Transmission electron microscopy offers new opportunities for analysis of glass delamination samples. In the TEM, a beam of high-energy electrons penetrates the sample, which is typically no more than 100 nanometers thick. The thinness of the sample minimizes scattering of the beam electrons, allowing for high-magnification imaging and high spatial resolution EDS analysis of areas that are a few nanometers or smaller in size. Through-thickness crystallographic information can also be obtained by selected area electron diffraction (SAED), making it relatively straightforward to differentiate crystalline from amorphous specimens and to identify crystalline phases. The TEM is ideally suited for analysis of thin glass delamination flakes, filtered residues and scrapings from glass vials.
TEM presents a major advantage over SEM for samples that are very thin. EDS analysis can be performed on very thin flakes and the resulting spectra have less background and stronger signals for glass elements. Figure 4 is a TEM EDS spectrum of a glass flake on a TEM grid. The spectrum in Figure 4 is much more diagnostic for the confirmation of glass than the SEM/EDS spectrum presented in Figure 3. Isolation methods have been developed to optimize the capture of glass flakes for TEM analysis. This method has potential for detecting glass flake formation in the early stages of delamination and could be very useful in new drug development and testing. Due to potential element-leaching that may have occurred in the delamination process, a comparison of the chemistries between the flakes and the vial glass/vial coating may not produce reliable comparative data, but the elemental composition of the flakes can be used to confirm if they are glass-like material. Also, the interior of the vials may be coated and the composition of flakes from the coating material may not be similar to the original coating chemistry.
Examining Interior Surfaces
The third stage of analysis involves the examination of the vial interior surface for evidence of delamination. The examination of vial interior surfaces may be valuable to determine the location in the vial the delamination is occurring, or if, in fact, the delamination occurred in the product vial. If present, delamination from the interior vial surface will be observed as pitting or surface disruption to the normally smooth interior surfaces. The area near the base of the vial is particularly prone to delamination. At times, lines of demarcation may be noted at the fill line of the liquid product. The interior is best examined directly, not through the walls of the intact vials. In order to access their interior, vials are typically cracked to expose the interior surfaces.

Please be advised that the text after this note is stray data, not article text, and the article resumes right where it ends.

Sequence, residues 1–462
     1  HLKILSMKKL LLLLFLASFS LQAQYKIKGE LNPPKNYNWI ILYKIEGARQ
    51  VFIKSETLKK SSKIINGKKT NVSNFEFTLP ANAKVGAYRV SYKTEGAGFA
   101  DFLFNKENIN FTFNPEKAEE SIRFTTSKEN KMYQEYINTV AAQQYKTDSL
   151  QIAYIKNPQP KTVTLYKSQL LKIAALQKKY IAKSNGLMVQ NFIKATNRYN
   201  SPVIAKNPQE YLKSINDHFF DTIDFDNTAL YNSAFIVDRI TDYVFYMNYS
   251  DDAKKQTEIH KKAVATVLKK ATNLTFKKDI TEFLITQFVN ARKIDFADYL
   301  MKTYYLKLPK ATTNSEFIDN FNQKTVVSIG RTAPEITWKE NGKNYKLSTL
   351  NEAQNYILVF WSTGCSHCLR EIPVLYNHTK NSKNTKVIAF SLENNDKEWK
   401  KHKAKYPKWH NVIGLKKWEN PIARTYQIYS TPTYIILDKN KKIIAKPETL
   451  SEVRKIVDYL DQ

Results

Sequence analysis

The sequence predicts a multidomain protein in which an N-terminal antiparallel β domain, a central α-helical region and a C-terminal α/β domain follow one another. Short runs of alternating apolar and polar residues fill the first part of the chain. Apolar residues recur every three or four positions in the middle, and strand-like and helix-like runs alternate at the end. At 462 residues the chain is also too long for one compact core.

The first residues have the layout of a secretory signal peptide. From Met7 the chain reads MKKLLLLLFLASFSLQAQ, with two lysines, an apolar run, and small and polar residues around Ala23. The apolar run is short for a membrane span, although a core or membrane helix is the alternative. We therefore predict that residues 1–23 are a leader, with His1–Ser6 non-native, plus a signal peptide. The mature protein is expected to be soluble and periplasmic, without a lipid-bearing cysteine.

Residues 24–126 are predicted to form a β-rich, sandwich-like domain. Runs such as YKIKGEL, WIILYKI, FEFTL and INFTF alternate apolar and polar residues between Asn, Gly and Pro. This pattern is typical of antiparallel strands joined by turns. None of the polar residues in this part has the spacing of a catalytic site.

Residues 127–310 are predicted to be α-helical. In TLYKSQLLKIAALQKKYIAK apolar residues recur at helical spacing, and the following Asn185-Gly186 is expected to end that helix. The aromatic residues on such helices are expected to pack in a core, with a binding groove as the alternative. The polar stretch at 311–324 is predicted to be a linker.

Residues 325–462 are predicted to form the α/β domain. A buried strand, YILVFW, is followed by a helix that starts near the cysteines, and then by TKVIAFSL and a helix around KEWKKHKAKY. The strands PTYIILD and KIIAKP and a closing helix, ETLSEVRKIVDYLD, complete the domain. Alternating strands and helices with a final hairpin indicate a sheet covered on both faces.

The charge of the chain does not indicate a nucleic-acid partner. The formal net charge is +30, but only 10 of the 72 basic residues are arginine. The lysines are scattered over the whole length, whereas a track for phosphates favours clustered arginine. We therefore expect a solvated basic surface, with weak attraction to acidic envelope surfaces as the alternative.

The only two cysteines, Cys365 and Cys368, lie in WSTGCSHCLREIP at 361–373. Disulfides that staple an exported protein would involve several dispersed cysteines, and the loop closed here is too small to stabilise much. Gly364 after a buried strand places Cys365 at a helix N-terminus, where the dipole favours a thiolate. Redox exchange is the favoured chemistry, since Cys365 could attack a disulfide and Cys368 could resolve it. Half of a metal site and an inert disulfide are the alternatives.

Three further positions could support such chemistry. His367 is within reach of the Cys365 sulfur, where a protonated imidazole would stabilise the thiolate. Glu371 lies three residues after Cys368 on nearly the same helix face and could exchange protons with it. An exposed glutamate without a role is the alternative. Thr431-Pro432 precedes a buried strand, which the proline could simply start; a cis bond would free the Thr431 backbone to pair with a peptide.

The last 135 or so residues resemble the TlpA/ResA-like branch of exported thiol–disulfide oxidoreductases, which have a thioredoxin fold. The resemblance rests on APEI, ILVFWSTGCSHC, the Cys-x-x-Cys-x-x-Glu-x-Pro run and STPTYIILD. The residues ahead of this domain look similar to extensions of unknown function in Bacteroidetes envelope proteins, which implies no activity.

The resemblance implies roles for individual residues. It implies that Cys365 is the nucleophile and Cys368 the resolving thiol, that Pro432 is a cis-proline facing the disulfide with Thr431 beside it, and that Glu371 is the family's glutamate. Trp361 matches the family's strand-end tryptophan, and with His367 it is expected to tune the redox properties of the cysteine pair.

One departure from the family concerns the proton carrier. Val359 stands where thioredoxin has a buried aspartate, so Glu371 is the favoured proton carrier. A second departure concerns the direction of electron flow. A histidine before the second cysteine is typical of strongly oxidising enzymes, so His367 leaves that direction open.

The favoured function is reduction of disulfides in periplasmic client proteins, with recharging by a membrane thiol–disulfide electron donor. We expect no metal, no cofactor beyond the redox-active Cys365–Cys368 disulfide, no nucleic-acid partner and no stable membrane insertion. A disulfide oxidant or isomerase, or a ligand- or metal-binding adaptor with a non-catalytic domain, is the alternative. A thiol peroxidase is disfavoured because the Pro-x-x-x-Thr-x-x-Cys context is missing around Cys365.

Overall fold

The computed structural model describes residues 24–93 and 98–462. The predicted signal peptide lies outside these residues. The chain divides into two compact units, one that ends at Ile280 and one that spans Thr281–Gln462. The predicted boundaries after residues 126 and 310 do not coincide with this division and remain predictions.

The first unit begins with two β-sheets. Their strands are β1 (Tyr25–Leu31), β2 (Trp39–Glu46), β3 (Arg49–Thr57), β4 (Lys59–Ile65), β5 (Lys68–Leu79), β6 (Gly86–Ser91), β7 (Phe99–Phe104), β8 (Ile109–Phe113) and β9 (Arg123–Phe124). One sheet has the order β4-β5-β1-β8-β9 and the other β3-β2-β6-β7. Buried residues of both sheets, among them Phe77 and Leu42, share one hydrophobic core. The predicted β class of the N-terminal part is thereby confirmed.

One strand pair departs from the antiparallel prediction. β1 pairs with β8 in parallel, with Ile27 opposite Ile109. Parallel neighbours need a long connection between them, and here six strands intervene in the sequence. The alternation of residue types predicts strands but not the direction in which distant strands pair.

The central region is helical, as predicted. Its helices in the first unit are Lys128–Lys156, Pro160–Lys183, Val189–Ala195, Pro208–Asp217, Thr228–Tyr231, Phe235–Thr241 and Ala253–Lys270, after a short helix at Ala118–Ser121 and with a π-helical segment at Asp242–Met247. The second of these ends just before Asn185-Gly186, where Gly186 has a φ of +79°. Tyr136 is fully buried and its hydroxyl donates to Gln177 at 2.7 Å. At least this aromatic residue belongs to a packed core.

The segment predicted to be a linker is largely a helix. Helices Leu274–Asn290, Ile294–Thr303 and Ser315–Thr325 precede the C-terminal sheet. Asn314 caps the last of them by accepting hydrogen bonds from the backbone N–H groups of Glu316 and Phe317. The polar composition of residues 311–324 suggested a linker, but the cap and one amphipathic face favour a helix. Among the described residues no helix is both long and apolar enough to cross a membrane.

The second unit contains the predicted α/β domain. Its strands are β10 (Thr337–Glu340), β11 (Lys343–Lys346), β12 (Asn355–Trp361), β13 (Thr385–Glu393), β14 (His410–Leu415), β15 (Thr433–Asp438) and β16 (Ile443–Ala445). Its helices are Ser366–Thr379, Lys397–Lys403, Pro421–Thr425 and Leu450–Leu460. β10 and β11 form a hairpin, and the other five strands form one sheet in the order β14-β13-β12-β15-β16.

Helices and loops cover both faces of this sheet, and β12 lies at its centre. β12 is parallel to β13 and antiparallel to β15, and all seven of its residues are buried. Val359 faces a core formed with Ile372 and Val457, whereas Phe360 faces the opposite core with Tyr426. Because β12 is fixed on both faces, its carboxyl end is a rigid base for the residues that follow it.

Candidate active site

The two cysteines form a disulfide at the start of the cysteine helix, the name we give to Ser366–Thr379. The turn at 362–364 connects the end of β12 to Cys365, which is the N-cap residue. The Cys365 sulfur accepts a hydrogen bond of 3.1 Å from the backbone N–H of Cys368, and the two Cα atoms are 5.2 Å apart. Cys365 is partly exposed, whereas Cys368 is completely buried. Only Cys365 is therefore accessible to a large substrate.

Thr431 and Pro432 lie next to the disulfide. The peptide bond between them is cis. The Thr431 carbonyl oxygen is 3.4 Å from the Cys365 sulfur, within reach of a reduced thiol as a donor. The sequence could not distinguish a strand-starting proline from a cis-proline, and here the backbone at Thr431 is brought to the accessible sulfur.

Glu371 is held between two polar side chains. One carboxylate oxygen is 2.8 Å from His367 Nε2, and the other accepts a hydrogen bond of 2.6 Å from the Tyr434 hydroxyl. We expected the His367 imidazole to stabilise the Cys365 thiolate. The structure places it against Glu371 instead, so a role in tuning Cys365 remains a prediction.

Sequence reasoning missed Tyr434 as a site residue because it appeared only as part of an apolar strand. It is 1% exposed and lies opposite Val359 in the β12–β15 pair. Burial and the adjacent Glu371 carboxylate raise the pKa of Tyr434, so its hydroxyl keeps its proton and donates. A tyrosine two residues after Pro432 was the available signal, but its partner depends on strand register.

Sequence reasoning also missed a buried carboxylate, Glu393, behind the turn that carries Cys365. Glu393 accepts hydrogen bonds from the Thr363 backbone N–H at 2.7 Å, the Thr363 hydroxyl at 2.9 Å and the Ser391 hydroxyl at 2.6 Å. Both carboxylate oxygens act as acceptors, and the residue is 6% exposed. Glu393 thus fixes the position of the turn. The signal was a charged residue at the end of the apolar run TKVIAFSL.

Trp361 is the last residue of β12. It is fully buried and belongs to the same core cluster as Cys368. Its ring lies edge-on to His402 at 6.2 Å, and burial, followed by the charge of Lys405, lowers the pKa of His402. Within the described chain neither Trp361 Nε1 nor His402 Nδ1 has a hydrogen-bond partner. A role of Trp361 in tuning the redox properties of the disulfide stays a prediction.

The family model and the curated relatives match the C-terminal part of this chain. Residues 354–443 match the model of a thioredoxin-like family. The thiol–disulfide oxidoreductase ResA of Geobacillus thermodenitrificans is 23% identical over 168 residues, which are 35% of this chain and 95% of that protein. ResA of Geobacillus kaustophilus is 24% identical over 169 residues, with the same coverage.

The interior surfaces of the vials may be examined using light microscopy with coaxial or episcopic illumination, differential interference contrast (DIC) microscopic observation, and/or by SEM. The scientist performing the analysis, upon consultation with the client, will determine which visual or instrumental technique(s) will produce the most illustrative data.
Benefitting New Drug Development
Glass delamination has the potential for lost revenue and drug shortages due to product recall. Testing for vial compatibility and stability should be carried out early in the product development process. Light microscopy and chemical analysis using electron microscopy are important tools for identification of glass delamination. TEM potentially can identify thinner flakes at earlier stages in the process, which may be very beneficial for new drug development.
Gretchen L. Shearer, Ph.D., is senior research chemist at McCrone Associates, Inc., and an instructor at Hooke College of Applied Sciences, both service divisions of The McCrone Group.